The Net Delusion: The Dark Side of Internet Freedom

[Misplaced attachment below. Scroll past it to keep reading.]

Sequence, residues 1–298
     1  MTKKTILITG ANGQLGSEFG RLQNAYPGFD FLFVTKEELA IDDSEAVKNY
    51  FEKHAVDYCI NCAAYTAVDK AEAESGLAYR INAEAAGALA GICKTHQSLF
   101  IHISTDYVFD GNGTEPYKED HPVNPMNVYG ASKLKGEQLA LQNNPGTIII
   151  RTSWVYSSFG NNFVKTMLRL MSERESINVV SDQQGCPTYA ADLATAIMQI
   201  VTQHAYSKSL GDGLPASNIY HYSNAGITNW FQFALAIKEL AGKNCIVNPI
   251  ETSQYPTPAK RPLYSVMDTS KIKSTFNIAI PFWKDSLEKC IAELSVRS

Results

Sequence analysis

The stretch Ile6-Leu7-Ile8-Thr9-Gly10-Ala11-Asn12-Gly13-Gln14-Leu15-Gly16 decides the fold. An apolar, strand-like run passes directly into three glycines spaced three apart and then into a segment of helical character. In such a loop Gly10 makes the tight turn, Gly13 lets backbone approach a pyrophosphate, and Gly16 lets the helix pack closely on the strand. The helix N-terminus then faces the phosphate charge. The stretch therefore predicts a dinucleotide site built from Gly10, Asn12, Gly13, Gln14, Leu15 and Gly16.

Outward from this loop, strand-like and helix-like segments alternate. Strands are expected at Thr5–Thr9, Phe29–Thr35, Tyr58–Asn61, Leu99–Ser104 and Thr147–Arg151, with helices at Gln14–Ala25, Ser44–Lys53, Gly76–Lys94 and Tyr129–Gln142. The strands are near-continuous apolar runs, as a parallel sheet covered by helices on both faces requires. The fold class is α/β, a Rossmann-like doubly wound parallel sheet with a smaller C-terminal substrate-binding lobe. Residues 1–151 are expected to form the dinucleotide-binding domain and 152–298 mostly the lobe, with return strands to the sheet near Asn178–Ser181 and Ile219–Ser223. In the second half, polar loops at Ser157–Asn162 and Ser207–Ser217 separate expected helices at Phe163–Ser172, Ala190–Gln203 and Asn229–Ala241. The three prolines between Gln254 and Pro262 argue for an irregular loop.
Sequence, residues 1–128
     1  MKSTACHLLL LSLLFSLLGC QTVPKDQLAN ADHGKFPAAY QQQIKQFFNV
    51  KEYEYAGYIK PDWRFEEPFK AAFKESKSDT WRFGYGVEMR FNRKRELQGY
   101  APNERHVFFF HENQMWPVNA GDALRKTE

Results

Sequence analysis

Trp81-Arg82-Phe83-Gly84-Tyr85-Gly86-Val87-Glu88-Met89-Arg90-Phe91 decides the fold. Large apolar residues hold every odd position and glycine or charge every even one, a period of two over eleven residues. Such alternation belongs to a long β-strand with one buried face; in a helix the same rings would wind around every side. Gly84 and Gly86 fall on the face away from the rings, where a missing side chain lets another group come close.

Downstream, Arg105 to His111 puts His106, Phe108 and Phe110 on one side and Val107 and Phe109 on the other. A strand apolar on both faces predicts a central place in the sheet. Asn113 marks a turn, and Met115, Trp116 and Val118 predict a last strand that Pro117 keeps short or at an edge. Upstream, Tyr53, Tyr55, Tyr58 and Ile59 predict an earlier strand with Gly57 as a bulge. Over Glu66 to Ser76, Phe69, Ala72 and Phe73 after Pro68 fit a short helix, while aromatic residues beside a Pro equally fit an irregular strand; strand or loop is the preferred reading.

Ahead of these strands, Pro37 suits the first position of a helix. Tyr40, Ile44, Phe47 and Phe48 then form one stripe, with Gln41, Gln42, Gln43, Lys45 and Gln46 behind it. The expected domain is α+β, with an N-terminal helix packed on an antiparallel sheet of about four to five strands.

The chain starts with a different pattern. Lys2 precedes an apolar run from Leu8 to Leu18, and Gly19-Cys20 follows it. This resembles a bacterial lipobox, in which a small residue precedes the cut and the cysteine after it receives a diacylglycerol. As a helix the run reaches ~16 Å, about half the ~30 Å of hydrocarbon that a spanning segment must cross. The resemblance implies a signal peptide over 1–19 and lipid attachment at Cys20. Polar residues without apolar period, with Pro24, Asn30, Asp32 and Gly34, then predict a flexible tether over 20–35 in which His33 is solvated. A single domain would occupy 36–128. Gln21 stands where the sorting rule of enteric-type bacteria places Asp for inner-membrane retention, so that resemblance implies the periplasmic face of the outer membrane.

This volume examines the evolving role of the Internet in activism, dissent, and authoritarian regimes. The author investigates the impact of a range of media on social revolution and activism from television in East Germany to Twitter during Iran's Green Revolution, intertwining that analysis with discussion of the ways governments are able to use the Internet for surveillance of political activity, propaganda dissemination, and censorship. He analyzes the effect of the proliferation of available entertainment and access to consumer goods on the potential for political activity, arguing that opening societies to further consumerism and to Western cultural media has in some ways deterred political activism. The author's argument that the West conflates democratization with consumerism uncovers a critique of the West here for its complacent belief that the Internet and supposed freedom of information is a certain pathway to democratization.